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Photo: Kalpak Pathak/HT
Photo: Kalpak Pathak/HT

Opinion | Firms track key shifts in consumption habits in a post-pandemic world

Trading down is already obvious for companies in personal care and packaged food segments

Ankur Bisen, vice president, retail and consumer products, Technopak, a management consultancy, has been, like many others among consulting companies, busy figuring out how life for his clients will change after covid-19, as the Indian consumer starts behaving differently. His recent conversations with consumer groups show that athleisure wear, or what he calls comfort wear, will grow as work-from- home remains in vogue for a while. “Innerwear, which is a core consumer product, will not decline, but fashionwear and office shirts may drop."

However, according to Bisen, the fall in apparel sales will be temporary. “It’s a short-term thing because this work-from-home phenomenon is being overplayed. Eighty-one percent of our workforce is in the informal sector and cannot work from home. Even among the remaining 19%, there are a number of jobs in sales and dealerships, which cannot be accomplished from home," he said. So, in the short term, there may be a rise in demand for casual wear, but in the long term clothing category will do well, he added.

This is just one of the observations of Technopak, which has been monitoring behaviour patterns of Indian shoppers. It has studied consumer psyche, and triggers, that may affect behaviour.

Foremost among these are lower or no wages, salary delays and cuts, and anxiety over retrenchment. Other triggers that will impact behaviour will be the notion of health, especially building immunity. For businesses and the self-employed, working capital will be critical. Social distancing will also influence behaviour towards travel, meetings and social functions such as weddings.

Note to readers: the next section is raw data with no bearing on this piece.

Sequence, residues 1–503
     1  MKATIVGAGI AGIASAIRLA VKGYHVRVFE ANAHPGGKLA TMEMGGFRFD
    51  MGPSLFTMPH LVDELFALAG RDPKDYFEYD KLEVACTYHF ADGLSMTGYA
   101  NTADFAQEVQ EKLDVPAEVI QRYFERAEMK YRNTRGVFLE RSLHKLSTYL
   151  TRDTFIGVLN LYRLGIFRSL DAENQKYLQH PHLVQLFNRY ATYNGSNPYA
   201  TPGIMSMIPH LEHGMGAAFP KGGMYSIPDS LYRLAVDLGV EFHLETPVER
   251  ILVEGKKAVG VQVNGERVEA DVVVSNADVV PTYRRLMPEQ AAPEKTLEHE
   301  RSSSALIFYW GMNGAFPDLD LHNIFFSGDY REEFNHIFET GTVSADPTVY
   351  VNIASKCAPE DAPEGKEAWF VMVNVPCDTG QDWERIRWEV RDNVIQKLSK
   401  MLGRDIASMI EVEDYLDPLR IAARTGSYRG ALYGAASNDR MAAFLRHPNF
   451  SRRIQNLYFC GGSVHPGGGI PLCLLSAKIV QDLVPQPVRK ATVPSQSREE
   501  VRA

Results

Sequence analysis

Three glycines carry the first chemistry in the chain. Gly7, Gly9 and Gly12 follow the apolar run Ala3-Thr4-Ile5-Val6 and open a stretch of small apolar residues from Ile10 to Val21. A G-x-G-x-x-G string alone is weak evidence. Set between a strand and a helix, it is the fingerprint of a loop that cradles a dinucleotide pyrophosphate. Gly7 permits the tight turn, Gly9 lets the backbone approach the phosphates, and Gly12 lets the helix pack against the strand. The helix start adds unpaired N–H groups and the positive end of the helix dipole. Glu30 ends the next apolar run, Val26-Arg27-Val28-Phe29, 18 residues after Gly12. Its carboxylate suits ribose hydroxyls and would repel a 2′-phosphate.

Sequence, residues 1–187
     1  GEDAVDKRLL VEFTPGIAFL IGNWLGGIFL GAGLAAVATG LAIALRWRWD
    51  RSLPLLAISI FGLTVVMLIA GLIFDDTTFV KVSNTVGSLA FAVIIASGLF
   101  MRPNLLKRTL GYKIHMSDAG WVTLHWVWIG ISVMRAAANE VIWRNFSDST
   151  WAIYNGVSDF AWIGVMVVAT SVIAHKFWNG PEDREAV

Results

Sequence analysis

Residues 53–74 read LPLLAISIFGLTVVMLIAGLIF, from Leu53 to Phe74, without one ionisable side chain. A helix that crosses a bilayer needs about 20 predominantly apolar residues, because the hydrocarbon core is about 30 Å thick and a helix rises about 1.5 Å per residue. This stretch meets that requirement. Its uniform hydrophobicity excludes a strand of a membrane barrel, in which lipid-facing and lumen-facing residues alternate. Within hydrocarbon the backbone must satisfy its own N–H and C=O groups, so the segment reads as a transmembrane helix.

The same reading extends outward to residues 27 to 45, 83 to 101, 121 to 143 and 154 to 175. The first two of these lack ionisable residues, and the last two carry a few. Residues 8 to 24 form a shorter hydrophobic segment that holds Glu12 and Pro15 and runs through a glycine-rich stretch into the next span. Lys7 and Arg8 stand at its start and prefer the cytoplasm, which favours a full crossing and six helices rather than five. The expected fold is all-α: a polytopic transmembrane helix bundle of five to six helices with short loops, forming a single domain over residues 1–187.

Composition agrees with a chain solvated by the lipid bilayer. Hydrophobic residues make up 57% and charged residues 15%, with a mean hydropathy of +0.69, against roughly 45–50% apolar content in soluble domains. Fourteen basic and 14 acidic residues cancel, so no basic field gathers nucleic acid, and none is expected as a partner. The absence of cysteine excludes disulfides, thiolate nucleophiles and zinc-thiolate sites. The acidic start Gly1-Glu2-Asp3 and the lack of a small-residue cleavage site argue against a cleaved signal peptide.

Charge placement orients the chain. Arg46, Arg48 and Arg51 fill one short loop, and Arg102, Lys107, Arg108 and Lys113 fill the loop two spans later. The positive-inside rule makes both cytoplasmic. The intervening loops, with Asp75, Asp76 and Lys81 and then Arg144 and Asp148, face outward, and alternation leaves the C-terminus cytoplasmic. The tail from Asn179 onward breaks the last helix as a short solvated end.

For a start, consumers will delay purchase of non-essential or discretionary items. Trading down is a given and is already obvious for companies in household and personal care segments, as well as packaged food categories.

Staples and edible oil companies, such as Adani Wilmar, are already making more value packs compared to bulk packs for its products. Other experts have also spoken of down trading leading to growth in smaller packs and private labels that are cheaper.

“Trading down also includes single purchases instead of buying all at one go," said Bisen, adding that there will be suspension of consumption in certain categories even as shoppers cut back expenditure.

What will not decrease, however, is the budget for essentials. In fact, consumers will also seek immunity-boosting products, and nutrition and wellness solutions.

This was corroborated by Nestle’s chairman and managing director Suresh Narayanan in a recent video call with reporters. Narayanan said the pandemic will lead to increased demand for health and immunity-boosting products which might drive premiumization for some of its portfolio since “those who are fortunate to hold on to their income lines will continue seeking such products".

Even as the government extended the countrywide lockdown till 31 May, albeit with fewer restrictions, research firms and management consultancies continued to study consumers and their sentiments around the pandemic. Audit, consulting and advisory firm Deloitte has been tracking consumers globally. In India, it surveyed a sample size of about 1,000 people between the age groups of 18 and 55, and at a ratio of 51% men and 49% women.

In the latest findings of this ongoing survey, 66% people said they were delaying a large purchase, which they would have otherwise made. Half were concerned about not being able to make a payment (mortgage, rent, auto loan or credit card bills).

According to the Deloitte study, the spending pattern of the consumers has also changed over the past few weeks with 33% respondents willing to spend a lot more on groceries, 30% on everyday household goods, 31% on healthcare, 27% on medicines and 31% on home internet/mobile phone. Expenditure on activities, such as travel, eating out, auto fuel, furnishing, apparel, footwear and alcohol, is down big time.

Asked about the intent to use digital services, 45% respondents of the Deloitte survey said they were very likely to use it for buying groceries. That’s not all. 31% said they could use online media for virtual doctor appointments, 37% for exercise programmes, 58% for video conferencing with family and friends, and 55% for payment apps/services.

Half the respondents said the trend of making purchases online and then picking up the stuff at the store was a safer option. In fact, 37% said it’s faster than shopping at stores.

Clearly, what definitely seems to be fading is the scepticism around digital and online commerce.

And, with most e-commerce companies accepting only digital payments at the moment, their share of cash-on-delivery may also go down eventually.

Shuchi Bansal is Mint’s media, marketing and advertising editor. Ordinary Post will look at pressing issues related to all three. Or just fun stuff.

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